We have a farmer’s market in our front yard. Awesome, awesome, awesome.
This morning, we decided to take the boys to the park around the corner before doing anything else. This proved immensely helpful in tempering the 2-year-old’s tantrums, and allowed Christina to become the fancy of a young, Peruvian Justin Bieber who was escorting his little sister. After some swing time and a quick tank up on cornetti (pastries) and cappucini (obvious), we dusted powdered sugar off our slimming hips and made our way into the open-air market where we’ve come to do most of our daily grocery shopping.
Oh, I almost forgot, we also ducked into the Italian equivalent of Dollar Tree in search of canvas storage bins (fail), where Joey immediately became enamored of an 15 Euro (about $23) plastic shopping cart. Being at the point in my endless supply of motherly patience where any outing with him has become a near occasion of sin, I happily slid my plastic for what turned out to be thee best purchase we’ve made in Rome, so far.
‘I effing love you, Mommy’
He was oh so helpful, and I say that in all honesty. He wheeled through the market place, causing swooning Italian grannies to clasp their fluttering hearts in ecstasy while he blew kisses (I kid you not) and yelled ‘ciao, ciao!’ to each and every proprietor of every stall on the mall.
The market is set up like kind of a flea market, with each stall selling a different product or type of product. The stalls on the very end of the row seem to change their content daily, but there are a few dedicated spots for the butchers, the fishmonger (really?), the bakers and the fruit and veggie vendors. It sounds magical, because it is. But, but…everyone is smoking. Like, smoking over your cut of meat, smoking as they slice your (amazing!stupendous!) cheese off the wheel, smoking as they bend to tousle your child’s blonde hair. So, there’s that. Cultural difference for sure.
I don’t mind a good puff every now and then, but call me Mother Prudence as I hesitate to light up in front of my children. Nevertheless, I’ve gotten many a stink-eye for trotting my wee ones out in freezing rain with only hooded coats on (no mittens! no scarves! no leg-warmers!) … only to realize the affronted Italian mama/grandmama glaring at me was clutching a Camel in her leather-gloved fingers, the other hand pushing her stroller.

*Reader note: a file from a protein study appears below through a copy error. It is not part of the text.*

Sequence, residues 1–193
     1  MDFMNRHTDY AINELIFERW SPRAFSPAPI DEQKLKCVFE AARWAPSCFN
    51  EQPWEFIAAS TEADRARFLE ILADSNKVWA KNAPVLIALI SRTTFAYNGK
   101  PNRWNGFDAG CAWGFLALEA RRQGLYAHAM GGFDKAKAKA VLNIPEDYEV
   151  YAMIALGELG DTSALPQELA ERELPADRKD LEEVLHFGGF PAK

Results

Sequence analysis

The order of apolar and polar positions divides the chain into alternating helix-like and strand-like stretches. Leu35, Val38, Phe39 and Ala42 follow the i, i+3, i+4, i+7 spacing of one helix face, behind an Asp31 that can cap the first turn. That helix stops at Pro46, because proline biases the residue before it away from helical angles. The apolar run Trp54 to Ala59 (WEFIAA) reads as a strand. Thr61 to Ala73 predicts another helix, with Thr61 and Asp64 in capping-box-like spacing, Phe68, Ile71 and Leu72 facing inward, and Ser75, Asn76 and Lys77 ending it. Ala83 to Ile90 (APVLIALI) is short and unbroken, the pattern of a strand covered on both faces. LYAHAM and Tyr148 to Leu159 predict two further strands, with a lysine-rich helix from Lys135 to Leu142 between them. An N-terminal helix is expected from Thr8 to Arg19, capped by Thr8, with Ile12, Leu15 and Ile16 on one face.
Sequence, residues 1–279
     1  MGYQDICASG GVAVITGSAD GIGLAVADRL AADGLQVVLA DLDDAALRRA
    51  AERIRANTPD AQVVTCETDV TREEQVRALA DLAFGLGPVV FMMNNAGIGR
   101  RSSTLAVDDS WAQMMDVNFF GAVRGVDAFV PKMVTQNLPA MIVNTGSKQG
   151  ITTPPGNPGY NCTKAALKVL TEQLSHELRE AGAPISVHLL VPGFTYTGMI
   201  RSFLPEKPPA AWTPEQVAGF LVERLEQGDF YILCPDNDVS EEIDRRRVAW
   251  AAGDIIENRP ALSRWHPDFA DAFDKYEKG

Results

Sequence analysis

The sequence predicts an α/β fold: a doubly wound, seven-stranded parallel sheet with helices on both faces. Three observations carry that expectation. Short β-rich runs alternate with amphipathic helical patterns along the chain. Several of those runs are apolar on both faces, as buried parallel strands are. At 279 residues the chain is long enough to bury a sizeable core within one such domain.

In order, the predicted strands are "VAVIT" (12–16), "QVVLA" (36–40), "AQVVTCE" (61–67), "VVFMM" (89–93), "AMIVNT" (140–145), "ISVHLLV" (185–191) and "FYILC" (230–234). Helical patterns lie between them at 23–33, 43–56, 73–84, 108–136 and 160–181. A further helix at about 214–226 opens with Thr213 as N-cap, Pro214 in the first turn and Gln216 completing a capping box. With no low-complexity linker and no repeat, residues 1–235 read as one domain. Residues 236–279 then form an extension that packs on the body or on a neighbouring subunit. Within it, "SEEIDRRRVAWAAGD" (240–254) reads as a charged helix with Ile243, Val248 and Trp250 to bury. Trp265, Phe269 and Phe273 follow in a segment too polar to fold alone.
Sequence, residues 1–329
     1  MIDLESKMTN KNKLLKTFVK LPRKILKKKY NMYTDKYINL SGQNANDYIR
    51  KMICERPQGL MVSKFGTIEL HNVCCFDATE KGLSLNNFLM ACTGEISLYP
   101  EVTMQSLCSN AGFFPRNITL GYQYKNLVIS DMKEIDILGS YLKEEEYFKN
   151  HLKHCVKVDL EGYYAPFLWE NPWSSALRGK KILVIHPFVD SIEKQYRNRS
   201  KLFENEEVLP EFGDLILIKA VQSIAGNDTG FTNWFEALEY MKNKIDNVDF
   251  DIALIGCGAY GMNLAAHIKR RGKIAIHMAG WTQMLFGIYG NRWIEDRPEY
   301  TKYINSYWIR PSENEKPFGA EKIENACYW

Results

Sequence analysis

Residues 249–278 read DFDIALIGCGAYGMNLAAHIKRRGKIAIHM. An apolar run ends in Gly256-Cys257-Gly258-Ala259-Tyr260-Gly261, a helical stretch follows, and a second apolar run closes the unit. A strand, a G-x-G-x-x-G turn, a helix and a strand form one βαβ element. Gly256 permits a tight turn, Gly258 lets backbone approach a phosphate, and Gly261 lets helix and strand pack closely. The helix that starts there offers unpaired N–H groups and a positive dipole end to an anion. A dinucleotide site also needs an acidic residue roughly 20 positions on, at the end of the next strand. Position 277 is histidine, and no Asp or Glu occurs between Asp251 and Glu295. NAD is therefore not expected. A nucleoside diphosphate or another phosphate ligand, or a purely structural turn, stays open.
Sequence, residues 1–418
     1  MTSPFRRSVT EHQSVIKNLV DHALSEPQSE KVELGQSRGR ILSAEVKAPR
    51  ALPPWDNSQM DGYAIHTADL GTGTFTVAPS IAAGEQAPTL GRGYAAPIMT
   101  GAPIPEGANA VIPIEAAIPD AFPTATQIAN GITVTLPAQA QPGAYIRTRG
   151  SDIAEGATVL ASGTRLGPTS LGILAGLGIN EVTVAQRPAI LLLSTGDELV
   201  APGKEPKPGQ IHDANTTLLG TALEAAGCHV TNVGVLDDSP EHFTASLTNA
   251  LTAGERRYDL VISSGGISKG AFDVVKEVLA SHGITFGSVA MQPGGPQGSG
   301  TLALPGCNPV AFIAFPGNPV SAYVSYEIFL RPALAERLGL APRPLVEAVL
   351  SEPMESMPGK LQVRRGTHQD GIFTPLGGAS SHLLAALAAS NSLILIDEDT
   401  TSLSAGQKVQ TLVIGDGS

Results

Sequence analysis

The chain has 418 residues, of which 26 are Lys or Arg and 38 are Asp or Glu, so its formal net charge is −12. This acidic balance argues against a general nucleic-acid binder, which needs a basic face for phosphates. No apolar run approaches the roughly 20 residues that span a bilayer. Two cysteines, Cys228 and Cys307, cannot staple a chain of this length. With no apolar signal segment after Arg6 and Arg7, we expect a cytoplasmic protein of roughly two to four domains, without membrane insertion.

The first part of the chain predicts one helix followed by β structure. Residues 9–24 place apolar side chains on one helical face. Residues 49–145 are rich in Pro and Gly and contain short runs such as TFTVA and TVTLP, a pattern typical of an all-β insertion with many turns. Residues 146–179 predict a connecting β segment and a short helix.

Back to grocery day. We’re hosting a kind of housewarming party tonight, and our extensive guest list includes Dave’s co-worker and his wife and child, and an older gentleman and his, um, lady friend? (we’re not quite sure) who has befriended us after renting us our first apartment when we arrived. His name is Giuseppe (of course it is), and he has been like a surrogate father/grandfather figure to us. He has helped us with everything from negotiating the parameters of our lease contract to moving into our new apartment to finding bedsheets. Oh, and he lives on a farm outside of Rome and presses his own olive oil. Can’t make this stuff up.
So, party for 8. Per Sig. Giuseppe’s request, I am making ‘American ahmburgers’ because he loves them, in addition to strawberry and spinach salad, twice-baked potatoes, and tomato and basil bruschetta. Plus some fabulous Roman white wine, and gelato for dessert.
For this, I did 90% of the shopping at our lovely market, and I spent about 45 Euro, which is around $60, I think. Not bad for dinner for 8!
Some evidence of our efforts:
The whole haul.
Sunflower Market was cleaner, but their strawberries never tasted this good.
I love cheese.
breakfast of champions
vino, acete balsamico, and acqua frizzante
My trusty front-kick. Nothing more fun than a 9-month old infant who won’t be put down.
I can’t imagine why people stare when we go out in public…
I’d love to tell you aaaaall about a couple other fun adventures we’ve had this week, but I have to step outside and smoke or drink something, while the dynamic duo continue their satanic pterodactyl imitation contest from the comforts of their cages.
Parenting toddlers is not for the faint of heart or the abstinent from alcohol, I tell you.